Organizers had been expecting a crowd of 20,000 protesters and police were out in force in a show of strength intended to prevent a repeat of the violent clashes and vandalism that had accompanied smaller demonstrations earlier in the week.
The demonstration, which was conducted under the main slogan, “Power to the people – against capitalism and environmental destruction. Another world is possible,” had a carnival atmosphere as it wound its way through the southern Swedish city.
The organizers of the Social Forum, which opened on Thursday, claimed a crowd of 15,000.
The marchers, many carrying banners, set off from the suburb of Rosengård
at 2pm accompanied by several marching bands, in what was one of the biggest demonstrations organised in Sweden.
“We are all here because we have a common message,” Thor Rutgersson, a 25-year-old teacher told AFP.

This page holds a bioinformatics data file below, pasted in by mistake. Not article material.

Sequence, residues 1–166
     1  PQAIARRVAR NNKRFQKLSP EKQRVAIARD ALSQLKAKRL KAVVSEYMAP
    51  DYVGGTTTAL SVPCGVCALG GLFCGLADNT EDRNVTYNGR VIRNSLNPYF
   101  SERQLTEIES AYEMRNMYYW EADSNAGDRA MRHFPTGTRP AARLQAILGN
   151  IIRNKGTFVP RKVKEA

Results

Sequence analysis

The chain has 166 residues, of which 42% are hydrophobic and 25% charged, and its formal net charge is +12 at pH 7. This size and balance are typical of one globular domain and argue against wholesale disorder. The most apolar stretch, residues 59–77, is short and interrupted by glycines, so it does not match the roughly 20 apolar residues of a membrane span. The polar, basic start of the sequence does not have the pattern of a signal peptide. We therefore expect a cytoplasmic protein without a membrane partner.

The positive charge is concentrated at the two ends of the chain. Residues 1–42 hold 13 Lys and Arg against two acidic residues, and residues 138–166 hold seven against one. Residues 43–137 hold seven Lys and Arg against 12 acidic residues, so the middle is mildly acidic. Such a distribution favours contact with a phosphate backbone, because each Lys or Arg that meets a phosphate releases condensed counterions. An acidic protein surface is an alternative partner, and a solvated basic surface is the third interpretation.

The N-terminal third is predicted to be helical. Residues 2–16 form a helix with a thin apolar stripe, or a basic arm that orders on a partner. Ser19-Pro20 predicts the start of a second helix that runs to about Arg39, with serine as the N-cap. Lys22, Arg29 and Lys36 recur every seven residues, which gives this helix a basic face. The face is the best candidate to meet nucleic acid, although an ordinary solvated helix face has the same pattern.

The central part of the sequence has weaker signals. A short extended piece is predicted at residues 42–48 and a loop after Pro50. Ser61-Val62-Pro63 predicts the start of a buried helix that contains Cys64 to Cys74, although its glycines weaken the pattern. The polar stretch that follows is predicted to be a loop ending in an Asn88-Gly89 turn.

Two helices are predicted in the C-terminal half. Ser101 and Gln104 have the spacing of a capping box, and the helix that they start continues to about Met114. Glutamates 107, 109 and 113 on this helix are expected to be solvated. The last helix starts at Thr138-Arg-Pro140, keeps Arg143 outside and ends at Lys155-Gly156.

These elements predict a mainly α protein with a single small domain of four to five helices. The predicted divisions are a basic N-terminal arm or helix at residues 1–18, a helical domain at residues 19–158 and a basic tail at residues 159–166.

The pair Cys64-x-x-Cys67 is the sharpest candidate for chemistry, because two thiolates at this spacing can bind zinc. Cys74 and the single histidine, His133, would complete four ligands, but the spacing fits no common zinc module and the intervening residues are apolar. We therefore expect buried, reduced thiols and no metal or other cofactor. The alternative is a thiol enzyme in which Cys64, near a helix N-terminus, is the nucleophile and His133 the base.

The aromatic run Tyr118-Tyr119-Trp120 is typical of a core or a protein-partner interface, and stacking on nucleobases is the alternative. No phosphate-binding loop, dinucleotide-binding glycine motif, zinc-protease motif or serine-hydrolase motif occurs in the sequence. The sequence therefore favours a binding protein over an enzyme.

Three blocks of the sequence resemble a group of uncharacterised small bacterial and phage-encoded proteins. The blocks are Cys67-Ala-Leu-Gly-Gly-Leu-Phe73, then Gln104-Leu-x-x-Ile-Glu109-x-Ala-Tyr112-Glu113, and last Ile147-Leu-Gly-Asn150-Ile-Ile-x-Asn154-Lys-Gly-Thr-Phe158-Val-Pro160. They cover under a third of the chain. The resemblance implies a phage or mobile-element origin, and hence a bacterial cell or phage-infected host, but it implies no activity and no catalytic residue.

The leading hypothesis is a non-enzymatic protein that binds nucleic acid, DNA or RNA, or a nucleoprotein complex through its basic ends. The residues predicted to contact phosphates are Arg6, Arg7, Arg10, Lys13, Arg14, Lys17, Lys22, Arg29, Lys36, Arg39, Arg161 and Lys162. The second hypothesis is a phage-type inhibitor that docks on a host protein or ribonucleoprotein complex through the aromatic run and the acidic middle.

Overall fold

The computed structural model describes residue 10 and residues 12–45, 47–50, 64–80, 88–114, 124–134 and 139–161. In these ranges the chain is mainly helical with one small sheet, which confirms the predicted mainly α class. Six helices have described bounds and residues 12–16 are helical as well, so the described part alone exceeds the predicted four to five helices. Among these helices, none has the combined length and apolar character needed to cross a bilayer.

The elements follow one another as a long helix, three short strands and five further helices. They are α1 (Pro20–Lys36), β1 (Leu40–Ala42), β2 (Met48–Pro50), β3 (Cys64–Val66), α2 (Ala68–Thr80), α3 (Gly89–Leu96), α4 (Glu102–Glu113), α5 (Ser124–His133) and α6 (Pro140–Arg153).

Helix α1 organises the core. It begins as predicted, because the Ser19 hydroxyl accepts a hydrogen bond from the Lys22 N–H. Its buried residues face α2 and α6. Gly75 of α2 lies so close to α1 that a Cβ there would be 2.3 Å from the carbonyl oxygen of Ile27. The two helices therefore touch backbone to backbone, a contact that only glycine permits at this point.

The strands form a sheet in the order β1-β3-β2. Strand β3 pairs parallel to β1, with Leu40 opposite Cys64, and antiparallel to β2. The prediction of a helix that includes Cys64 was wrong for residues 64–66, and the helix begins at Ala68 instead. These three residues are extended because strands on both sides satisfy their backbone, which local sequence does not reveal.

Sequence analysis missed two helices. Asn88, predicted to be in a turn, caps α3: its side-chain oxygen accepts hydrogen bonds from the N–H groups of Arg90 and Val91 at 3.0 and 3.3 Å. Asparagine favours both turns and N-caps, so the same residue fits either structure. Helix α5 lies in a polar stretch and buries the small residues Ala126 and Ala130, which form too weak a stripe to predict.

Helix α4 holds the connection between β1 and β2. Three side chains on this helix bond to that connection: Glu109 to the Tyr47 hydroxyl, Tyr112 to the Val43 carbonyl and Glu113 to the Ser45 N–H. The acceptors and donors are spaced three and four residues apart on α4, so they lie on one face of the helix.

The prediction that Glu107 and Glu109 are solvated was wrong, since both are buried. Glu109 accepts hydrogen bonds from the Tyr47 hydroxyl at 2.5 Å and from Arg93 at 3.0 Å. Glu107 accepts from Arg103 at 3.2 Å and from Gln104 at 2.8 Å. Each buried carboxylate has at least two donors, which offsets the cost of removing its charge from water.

“We want better conditions for workers, for students and more cooperation to fight poverty in Europe,” he added.
The march included delegations from all over Europe, including trade unionists and students.
“It is important that the countries from eastern Europe are here today,” said Piotr Ostrowsky of the Polish confederation of trade unions, the OPZZ.
Saturday’s march extended 7.5 kilometres and culminated in Pildammsparken where the crowds were entertained by artists such as Anne Fenney, Mikael Wiehe and Venezuelan band Madera.
On Friday, about 100 people threw rocks at police and broke windows in the city centre at the tail end of a demonstration organised by a group called Reclaim the Streets, which had attracted some 700 participants.
The fifth European Social Forum began Thursday and wraps up four days of debate, seminars, protests, happenings and informal meetings on Sunday.